PCA Logo

Charity

Palliative Care Australia

Project

Building a Caring Community

Region

National

Funding

$50,000

Funding Dates

November 2016 - December 2017

The issue

 
There are more than 2.8 million unpaid carers in Australia. While this role is rewarding, it can be both emotionally and physically demanding, and result in significant financial, health and emotional costs. 

Many people with a life-limiting illness receive care at home and carers can often experience feelings of isolation depending on the support network they can access. They are also burdened by the grief associated with the declining health of their loved one.

Palliative Care Australia (PCA) is the national peak body for palliative care, operating to influence, foster and promote the delivery of quality care and support for those with a life-limiting illness, their families and health care team. 

The project 

With our funding support, PCA will develop and launch a unique app that offers a platform for the primary carer of a person with a life-limiting illness to create a community of care with their broader network of family and friends. 

The app will allow carers to share their specific needs, while offering a simple and coordinated channel for family and friends to respond. It will inform people on the support needed, which may be as simple as cooking a meal, walking their dog or performing other small practical tasks that they would otherwise need to do themselves. It will also provide the person with a terminal illness a channel to communicate how much contact they would like at different stages of their condition.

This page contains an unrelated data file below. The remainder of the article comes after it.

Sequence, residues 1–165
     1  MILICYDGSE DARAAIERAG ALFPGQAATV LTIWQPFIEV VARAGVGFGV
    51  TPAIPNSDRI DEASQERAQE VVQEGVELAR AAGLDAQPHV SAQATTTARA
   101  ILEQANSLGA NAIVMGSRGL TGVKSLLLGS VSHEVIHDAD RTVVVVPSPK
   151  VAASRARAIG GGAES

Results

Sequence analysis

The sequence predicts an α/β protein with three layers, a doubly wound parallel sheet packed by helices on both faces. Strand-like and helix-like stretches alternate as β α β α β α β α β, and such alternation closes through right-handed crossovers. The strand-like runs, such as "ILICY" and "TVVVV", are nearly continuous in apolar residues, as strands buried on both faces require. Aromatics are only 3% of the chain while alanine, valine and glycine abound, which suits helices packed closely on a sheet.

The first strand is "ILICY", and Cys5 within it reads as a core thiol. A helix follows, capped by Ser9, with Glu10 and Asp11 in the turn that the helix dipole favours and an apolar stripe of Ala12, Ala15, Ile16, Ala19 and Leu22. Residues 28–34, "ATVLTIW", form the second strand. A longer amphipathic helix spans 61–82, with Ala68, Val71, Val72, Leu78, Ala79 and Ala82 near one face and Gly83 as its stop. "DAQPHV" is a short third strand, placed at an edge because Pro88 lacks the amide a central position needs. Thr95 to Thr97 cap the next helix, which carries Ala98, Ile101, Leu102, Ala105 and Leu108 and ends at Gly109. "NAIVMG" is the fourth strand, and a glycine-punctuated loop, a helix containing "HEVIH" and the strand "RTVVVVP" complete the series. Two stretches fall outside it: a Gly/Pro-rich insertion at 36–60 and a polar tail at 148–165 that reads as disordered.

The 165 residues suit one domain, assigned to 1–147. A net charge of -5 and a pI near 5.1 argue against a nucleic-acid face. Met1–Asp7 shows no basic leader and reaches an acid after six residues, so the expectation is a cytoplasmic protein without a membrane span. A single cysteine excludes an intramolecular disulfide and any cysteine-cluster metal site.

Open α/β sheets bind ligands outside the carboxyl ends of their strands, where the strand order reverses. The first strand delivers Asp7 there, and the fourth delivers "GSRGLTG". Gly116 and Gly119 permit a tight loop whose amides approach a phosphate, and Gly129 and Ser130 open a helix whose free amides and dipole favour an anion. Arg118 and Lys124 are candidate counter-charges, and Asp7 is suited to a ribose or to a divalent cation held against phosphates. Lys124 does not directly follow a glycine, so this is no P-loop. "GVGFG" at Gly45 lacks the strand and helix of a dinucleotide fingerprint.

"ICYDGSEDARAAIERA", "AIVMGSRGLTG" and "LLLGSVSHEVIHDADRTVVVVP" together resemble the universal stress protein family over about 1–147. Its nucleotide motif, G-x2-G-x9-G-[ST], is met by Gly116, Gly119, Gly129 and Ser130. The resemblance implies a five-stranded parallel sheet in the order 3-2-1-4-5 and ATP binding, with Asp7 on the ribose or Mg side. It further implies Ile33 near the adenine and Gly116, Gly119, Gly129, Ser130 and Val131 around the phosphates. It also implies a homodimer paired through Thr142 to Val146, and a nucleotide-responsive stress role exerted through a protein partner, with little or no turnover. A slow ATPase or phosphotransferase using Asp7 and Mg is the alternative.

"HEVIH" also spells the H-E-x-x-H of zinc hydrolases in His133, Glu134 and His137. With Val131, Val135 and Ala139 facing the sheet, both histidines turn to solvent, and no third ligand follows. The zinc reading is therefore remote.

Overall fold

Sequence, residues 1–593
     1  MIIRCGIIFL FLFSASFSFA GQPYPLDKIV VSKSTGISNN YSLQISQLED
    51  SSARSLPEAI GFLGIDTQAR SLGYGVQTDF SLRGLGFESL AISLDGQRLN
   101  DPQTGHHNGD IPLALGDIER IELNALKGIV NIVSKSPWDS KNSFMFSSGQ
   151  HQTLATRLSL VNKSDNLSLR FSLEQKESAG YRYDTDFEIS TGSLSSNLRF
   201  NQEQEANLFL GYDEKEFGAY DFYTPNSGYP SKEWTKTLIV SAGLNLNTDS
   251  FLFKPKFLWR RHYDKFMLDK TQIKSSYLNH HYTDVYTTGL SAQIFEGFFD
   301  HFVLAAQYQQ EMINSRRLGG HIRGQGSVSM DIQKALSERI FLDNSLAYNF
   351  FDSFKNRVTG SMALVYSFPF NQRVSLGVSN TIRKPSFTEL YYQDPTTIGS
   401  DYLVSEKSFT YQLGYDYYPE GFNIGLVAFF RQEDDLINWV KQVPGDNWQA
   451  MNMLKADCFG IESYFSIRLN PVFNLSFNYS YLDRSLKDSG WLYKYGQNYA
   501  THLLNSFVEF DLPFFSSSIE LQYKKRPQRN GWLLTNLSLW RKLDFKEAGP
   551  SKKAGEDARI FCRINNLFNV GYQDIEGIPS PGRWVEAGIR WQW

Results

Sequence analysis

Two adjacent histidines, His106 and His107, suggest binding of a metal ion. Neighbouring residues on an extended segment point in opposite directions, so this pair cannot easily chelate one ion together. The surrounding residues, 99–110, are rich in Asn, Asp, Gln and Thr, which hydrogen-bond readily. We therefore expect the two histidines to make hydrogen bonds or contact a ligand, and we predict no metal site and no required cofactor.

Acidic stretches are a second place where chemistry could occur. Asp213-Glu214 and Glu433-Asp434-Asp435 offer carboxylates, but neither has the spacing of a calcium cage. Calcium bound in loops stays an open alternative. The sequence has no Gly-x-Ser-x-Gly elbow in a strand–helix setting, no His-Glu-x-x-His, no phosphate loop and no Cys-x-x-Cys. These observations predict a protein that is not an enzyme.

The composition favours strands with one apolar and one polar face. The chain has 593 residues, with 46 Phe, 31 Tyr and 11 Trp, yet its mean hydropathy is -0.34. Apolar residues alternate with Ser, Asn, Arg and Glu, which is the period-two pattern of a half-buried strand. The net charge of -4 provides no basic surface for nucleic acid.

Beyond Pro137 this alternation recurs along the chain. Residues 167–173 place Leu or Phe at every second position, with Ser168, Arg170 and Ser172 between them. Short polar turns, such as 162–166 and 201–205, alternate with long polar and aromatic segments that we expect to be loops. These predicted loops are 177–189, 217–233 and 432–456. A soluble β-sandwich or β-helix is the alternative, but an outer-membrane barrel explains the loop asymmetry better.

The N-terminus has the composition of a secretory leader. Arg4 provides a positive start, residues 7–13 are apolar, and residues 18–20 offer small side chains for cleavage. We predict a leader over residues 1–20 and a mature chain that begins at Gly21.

The impact 

The app will allow carers to share the burden of care and build a close-knit community that can support one another even after their loved-one has died. 

Family and friends will understand how they can be supportive of their loved one and their immediate carer. They will be kept updated about their loved one's needs and allow them to contribute where they can, this may be small tasks needing to be completed or simply alerting them when their loved one is feeling well enough for visits. 

By ensuring carers feel supported, the app will also act to help reduce the negative psychological, behavioural, and physiological impact their role may have on their daily lives and promote positive health and wellbeing.

The app will be actively promoted and accessible to more than 1,000 patients and carers. 

For more information on the program visit www.palliativecare.org.au